So, saying that "termination analysis cannot work correctly in all cases" and "research in this field cannot reach completeness" is a bit misleading, to say the least. (talk) 02:42, 11 September 2008 (UTC)

This is a very interesting comment, but I think you may be missing something. My first guess is that the algorithms in question can actually assume infinite memory -- and usually do. Most programs leave the problem of memory to the operating system -- virtual memory (hard-disk memory swapping) is employed to deal with the memory filling up, but out-of-memory errors can still occur, which means the operating system (or a virtual machine environment like Java) has stepped in from outside an algorithm and stopped it. This kind of behaviour is not part of the algorithm analysis, even though "the algorithm stopped".
The following section from the Halting problem article may be relevant.

The halting problem is, in theory if not in practice, decidable for linear bounded automata (LBAs), or deterministic machines with finite memory [note from Robertbyrne: note that the definition of an LBA gives a technical mathematical meaning to "finite memory" in this case, and it's not a simple number of spaces for symbols]. A machine with finite memory has a finite number of states, and thus any deterministic program on it must eventually either halt or repeat a previous state:

"...any finite-state machine, if left completely to itself, will fall eventually into a perfectly periodic repetitive pattern. The duration of this repeating pattern cannot exceed the number of internal states of the machine..."(italics in original, Minsky 1967, p. 24)

Minsky warns us, however, that machines such as computers with e.g. a million small parts, each with two states, will have on the order of 21,000,000 possible states:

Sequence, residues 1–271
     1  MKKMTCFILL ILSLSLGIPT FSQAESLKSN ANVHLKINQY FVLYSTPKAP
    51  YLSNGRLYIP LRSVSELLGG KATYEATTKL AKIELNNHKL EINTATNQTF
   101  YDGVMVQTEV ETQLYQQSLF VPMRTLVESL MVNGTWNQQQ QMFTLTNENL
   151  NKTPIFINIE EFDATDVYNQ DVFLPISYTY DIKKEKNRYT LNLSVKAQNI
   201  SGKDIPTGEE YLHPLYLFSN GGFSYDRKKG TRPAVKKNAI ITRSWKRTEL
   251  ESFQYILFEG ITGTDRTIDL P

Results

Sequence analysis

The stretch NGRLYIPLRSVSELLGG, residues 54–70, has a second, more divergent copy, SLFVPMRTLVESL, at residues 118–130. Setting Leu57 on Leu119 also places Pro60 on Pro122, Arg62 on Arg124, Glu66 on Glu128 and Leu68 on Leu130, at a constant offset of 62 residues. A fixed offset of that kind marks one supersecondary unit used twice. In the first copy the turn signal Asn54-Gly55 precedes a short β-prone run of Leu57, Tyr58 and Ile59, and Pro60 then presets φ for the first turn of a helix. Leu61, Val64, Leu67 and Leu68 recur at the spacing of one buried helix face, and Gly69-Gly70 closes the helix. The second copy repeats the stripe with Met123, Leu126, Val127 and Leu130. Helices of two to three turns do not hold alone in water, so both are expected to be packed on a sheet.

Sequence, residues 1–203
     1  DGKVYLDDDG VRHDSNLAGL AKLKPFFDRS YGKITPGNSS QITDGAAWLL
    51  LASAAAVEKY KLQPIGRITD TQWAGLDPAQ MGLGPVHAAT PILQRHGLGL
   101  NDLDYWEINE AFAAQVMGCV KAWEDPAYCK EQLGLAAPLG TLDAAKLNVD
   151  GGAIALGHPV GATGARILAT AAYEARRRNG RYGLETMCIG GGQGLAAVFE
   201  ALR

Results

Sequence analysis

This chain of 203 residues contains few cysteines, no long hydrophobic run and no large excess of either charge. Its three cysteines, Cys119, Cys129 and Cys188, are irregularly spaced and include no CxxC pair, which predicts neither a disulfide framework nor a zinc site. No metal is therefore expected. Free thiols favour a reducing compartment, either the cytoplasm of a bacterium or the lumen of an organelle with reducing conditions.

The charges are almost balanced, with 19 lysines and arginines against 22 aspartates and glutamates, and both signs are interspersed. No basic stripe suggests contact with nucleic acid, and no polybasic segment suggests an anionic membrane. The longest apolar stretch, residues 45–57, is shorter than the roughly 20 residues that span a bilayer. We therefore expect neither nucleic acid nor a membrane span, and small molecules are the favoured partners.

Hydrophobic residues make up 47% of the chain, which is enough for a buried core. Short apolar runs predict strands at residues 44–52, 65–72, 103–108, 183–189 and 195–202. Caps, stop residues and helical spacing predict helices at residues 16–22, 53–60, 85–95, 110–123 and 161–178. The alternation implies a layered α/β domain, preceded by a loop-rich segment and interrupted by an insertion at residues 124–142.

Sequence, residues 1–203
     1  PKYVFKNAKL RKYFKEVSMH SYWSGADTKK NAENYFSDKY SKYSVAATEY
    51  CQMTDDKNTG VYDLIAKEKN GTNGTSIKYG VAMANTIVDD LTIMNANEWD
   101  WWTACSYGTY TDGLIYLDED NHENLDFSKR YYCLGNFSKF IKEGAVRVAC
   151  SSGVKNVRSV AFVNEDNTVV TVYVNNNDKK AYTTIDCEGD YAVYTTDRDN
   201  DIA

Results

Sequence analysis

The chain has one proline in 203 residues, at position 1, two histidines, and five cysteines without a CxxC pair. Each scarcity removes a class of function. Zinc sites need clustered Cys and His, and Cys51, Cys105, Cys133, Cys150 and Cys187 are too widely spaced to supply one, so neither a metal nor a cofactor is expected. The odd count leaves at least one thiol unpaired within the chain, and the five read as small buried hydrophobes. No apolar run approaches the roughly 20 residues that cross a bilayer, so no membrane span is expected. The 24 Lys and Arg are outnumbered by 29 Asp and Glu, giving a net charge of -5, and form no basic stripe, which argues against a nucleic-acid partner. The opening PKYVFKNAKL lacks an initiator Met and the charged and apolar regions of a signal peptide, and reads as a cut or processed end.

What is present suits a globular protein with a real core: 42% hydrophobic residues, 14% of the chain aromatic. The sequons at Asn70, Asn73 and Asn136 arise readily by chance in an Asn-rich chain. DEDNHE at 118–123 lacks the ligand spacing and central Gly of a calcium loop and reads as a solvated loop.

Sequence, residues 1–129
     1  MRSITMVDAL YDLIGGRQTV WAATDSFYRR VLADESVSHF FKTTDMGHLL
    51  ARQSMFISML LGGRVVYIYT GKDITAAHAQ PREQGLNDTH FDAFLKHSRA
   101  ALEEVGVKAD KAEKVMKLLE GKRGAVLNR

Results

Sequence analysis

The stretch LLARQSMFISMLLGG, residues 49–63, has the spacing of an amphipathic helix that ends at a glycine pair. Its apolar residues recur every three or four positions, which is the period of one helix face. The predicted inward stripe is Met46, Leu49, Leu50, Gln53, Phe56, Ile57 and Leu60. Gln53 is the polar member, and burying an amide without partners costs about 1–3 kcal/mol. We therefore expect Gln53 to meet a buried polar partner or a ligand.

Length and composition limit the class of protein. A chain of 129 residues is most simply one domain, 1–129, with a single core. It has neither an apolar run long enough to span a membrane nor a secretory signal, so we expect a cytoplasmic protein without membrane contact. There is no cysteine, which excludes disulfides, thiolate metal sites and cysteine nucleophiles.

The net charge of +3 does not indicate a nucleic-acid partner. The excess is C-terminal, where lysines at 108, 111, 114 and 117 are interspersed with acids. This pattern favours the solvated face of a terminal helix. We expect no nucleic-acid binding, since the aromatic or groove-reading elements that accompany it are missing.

"This is a 1 followed by about three hundred thousand zeroes ... Even if such a machine were to operate at the frequencies of cosmic rays, the aeons of galactic evolution would be as nothing compared to the time of a journey through such a cycle" (Minsky p. 25)

Minsky exhorts the reader to be suspicious -- although a machine may be finite, and finite automata "have a number of theoretical limitations":

"...the magnitudes involved should lead one to suspect that theorems and arguments based chiefly on the mere finiteness [of] the state diagram may not carry a great deal of significance" (ibid).
For more on this issue of "intractability" see the article Busy beaver.

I think the area of model checking is also relevant here. It works well for hardware, where finite space is assumed in the algorithm specification, but is merely one of the many incomplete solutions to general algorithm verification because of the assumption of infinite space.
Robertbyrne (talk) 02:46, 22 September 2008 (UTC)
Right, what you quoted made half of my point. The other half of my point is that this article is misleading (or at least incomplete). Nowhere it says that termination analysis is only applicable to Turing machines.
So my point still stands: the sentences I quoted, such as "termination analysis cannot work correctly in all cases" and "research in this field cannot reach completeness" are incorrect when it comes to termination analysis on deterministic machines with finite memory (i.e. LBAs, or "computers" as I like to call them). (talk) 02:39, 25 September 2008 (UTC)
A decider, given n bits of state, cannot solve the halting problem for an arbitrary program that requires at least n bits of state. ~ Jafetbusinesspleasurevoicemail 11:16, 25 September 2008 (UTC)

missing info[edit]

At what stage of the compilation does termination analysis take place ? Any variation ? -- (talk) 22:57, 10 May 2010 (UTC)

Strange comment[edit]

"Some types of termination analysis can automatically generate or imply the existence of a termination proof." - a termination analysis tool, by definition, has to be able to generate or imply the existence of either a termination or a non-termination proof (when it succeeds). Hence, I do not understand the point of this sentence. (One could speculate on a tool which "magically" knows a result without even implying a proof for it, but such a tool would not be accepted by the scientific community). Perhaps the writer of this sentence intended to write about certifiable termination provers? AmirOnWiki (talk) 12:54, 4 October 2015 (UTC)